There are no more than a handful of major events in A Far Cry From Kensington but it would take a long time to convey a true sense of the novel.
The story is told from the perspective of Mrs Hawkins – christened Agnes and only Nancy towards the end – as she recalls the mid-1950s when she lived in furnished rooms at 14 Church End Villas, South Kensington. A war widow of ten-years standing by the time she is 28, everyone calls her Mrs Hawkins but patriotic deference has little to do with it: she likes being Mrs Hawkins because it recognises a personality she takes great satisfaction in having created. A popular confidant because of her reputation for precocious wisdom and because her weight makes her unthreatening, she enjoys the role because she is incapable of not giving advice: when she remarks that she accepted a sherry from her employer “only if he kept me talking after five-thirty” she expects us to conclude he was delivering a monologue of financial woe but we know better and Spark tips us off with her careful phrasing. Mrs Hawkins has a love of drama that’s not above a little manufacturing, and which can be both intense and shallow. When her housemate Wanda Podolak receives a blackmail letter, she buys a book about handwriting but quickly tires of the expectation she should emotionally engage with the event.
Although they have little to do with Mrs Hawkins’s identity as she understands it, Spark has some fun with the class and sexual connotations of her preferred form of address. At a swanky dinner party with the titled class, ‘Mrs Hawkins’ becomes a marker of membership of the ‘Ordinary Class’ and a hilarious failure to recognise gender segregation as after-dinner convention confirms her status. Similarly, given the premature desexualisation implied by the title, the wild claims made about Mrs Hawkins by the wife of one colleague take on a comical edge. In a private moment with the medical student William Todd, Mrs Hawkins confesses to feeling spooky and he reasons she is suffering from the absence of a sex-life. Shortly afterwards, the medical student performs an exorcism. In some ways, the novel is really about Mrs Hawkins being exorcised from Nancy Hawkins.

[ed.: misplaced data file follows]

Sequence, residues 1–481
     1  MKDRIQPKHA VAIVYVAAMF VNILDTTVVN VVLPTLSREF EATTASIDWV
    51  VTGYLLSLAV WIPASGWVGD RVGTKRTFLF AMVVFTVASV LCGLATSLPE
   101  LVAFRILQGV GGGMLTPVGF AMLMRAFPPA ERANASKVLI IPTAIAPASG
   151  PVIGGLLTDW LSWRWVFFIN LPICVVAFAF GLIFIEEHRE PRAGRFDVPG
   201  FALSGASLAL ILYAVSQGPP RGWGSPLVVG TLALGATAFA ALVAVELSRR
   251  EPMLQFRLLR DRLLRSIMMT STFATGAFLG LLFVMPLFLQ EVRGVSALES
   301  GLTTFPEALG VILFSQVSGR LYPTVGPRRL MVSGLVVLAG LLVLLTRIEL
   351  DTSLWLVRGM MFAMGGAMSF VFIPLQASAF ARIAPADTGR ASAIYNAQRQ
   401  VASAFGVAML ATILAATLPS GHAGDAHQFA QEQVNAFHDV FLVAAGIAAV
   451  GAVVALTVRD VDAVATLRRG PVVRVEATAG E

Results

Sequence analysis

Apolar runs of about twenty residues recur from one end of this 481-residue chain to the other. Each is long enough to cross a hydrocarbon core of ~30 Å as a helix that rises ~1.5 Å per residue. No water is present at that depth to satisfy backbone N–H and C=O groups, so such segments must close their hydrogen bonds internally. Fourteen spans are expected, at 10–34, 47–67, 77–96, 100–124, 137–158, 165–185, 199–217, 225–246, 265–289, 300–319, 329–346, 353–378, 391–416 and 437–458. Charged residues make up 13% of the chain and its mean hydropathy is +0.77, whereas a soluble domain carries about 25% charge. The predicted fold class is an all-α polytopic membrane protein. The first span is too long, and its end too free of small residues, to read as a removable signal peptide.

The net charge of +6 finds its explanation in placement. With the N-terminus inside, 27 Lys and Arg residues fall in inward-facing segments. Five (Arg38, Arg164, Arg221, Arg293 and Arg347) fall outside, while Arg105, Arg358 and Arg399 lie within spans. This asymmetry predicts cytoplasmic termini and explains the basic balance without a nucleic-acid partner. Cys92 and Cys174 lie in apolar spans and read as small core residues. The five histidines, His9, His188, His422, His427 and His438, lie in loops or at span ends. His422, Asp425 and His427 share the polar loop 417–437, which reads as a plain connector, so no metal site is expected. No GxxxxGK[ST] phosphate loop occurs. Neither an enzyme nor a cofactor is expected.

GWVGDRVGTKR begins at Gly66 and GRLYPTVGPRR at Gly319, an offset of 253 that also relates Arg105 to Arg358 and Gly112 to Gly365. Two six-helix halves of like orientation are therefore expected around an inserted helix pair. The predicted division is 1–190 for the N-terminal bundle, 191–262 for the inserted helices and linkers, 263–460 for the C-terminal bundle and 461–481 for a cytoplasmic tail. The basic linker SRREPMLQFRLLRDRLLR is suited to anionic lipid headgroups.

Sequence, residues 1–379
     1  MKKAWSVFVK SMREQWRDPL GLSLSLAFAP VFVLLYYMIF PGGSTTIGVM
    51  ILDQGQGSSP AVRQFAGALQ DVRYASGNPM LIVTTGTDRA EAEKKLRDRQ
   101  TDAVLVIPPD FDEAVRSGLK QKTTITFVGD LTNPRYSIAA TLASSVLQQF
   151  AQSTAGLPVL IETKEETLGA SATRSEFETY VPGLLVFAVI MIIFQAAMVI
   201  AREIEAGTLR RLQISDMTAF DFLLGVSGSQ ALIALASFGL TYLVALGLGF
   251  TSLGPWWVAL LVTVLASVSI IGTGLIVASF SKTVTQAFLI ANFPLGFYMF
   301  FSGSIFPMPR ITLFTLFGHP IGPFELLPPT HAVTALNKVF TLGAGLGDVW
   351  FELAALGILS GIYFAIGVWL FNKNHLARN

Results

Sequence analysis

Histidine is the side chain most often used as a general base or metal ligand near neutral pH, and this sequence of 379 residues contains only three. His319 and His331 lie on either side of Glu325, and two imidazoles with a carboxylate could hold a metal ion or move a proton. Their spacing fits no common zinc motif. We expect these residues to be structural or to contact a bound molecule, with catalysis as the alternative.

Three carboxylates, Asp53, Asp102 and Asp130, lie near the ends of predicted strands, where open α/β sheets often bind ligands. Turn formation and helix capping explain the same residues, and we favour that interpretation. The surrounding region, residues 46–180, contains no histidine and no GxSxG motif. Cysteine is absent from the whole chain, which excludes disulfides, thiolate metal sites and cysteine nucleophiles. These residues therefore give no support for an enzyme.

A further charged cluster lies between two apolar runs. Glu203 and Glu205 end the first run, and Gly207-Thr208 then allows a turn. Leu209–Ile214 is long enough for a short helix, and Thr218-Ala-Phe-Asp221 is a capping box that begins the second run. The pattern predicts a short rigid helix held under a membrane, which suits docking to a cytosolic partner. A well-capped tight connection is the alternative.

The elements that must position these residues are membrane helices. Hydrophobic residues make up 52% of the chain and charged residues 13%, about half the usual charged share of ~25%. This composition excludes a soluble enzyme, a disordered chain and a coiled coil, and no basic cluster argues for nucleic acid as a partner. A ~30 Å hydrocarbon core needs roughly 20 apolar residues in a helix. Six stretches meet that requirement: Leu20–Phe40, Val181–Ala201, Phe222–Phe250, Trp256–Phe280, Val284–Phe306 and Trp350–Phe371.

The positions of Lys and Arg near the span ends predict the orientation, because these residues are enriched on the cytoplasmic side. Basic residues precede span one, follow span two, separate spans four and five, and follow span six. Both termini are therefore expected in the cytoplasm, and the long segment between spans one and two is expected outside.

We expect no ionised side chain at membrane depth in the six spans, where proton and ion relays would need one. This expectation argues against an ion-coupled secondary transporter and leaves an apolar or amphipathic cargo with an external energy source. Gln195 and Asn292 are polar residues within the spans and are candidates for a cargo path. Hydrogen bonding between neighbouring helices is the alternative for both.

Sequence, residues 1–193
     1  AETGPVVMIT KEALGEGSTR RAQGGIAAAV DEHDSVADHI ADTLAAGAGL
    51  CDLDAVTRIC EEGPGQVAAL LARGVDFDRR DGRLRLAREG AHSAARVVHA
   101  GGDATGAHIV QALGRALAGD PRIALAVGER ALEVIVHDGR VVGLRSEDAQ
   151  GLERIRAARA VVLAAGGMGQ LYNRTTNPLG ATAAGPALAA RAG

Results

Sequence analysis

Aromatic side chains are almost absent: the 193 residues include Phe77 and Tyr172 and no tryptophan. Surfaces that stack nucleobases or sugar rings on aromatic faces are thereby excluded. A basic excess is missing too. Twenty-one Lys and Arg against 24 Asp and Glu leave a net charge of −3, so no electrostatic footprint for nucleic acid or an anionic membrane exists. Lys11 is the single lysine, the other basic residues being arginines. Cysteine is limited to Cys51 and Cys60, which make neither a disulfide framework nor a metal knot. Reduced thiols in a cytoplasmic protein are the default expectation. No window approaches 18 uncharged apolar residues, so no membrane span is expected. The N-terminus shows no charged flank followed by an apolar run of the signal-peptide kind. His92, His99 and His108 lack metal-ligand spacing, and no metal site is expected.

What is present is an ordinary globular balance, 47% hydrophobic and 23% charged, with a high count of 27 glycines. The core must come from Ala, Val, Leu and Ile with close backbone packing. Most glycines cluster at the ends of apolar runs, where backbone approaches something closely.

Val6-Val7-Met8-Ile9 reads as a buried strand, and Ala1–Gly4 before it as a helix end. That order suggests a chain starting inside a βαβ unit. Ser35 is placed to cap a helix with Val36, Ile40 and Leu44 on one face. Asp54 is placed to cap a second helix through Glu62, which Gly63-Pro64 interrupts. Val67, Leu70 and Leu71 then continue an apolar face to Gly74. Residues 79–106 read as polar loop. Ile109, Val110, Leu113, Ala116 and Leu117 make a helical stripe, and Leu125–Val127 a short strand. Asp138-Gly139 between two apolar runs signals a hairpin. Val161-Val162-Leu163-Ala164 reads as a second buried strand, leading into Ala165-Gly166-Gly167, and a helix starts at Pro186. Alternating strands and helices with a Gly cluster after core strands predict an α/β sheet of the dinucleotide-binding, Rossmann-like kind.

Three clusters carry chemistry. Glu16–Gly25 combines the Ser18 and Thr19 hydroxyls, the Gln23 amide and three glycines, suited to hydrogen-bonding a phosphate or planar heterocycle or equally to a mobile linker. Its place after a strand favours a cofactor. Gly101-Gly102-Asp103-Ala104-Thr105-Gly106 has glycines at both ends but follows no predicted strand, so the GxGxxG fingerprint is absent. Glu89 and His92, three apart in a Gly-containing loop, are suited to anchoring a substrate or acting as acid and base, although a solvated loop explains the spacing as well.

Mrs Hawkins loses two jobs in publishing because of Hector Bartlett, a writer destined to be always aspiring. He worms and pouts and ingratiates himself about town, and at one point feeds mustard to a dog in an act of simple cruelty. His attentions and contrived meetings finally cause Mrs Hawkins to brand him as a ‘pisseur de copie’. It’s a lovely phrase that has the sting of sounding learned while being close enough to English to connect with the gut. She is sacked not because the label is inaccurate but because Bartlett is attached to the sought-after novelist Emma Loy. She finds employment at a more upmarket publisher but sacrifices her position by refusing to work on some dreary slab of words by Bartlett. In time, Mrs Hawkins learns that the pisseur has made other incursions into her world.
Spark’s control over the novel is silken and discrete, authoritative and therefore entirely natural. At all times the reader is happy to conclude, yes, that’s how Mrs Hawkins would’ve acted in that situation or, yes, that’s how she would remember what that person said. When Mrs Hawkins professes admiration for the way one character portrays her world in “inconsequential phrases, without any rancour, explanations or many details” she might easily have been describing Spark’s approach to setting the tone of the novel. It is a comedy of manners driven by poise and understatement in the face of events, no matter how absurd or grave. The story floats along in easy accordance with memory – sometimes we know how much time is passing between events, sometimes not – and goes by like a dream.
The novel is such a harmony of its different elements that we don’t mind that Spark occasionally peels back the world of Mrs Hawkins. Emma Loy, who knows about the strange goings on at 14 Church End Villas involving Wanda the Polish dressmaker, remarks: “As a novelist, I find the story enthralling, of course, Mrs Hawkins. There are no end of subtleties and interpretation involved”. Suddenly, Loy becomes a proxy for Spark. But by having confidence in the reader to notice, Spark removes all immodesty from the act and a little smile is shared. Mrs Hawkins takes delight in being spoken to as if she were a fellow novelist because Loy “usually reserved that side of herself for other writers on her own level” and the reader likewise enjoys being taken into Spark’s confidence because we know we’re in the company of a master.
Alasdair McKillop writes for a handful of publications and websites on current affairs, sport, and popular culture, and has also written a number of book reviews. His work has been published in the Scottish Review of Books and the Times Literary Supplement. He is the co-founder of The Rangers Standard and co-editor of two books about Rangers.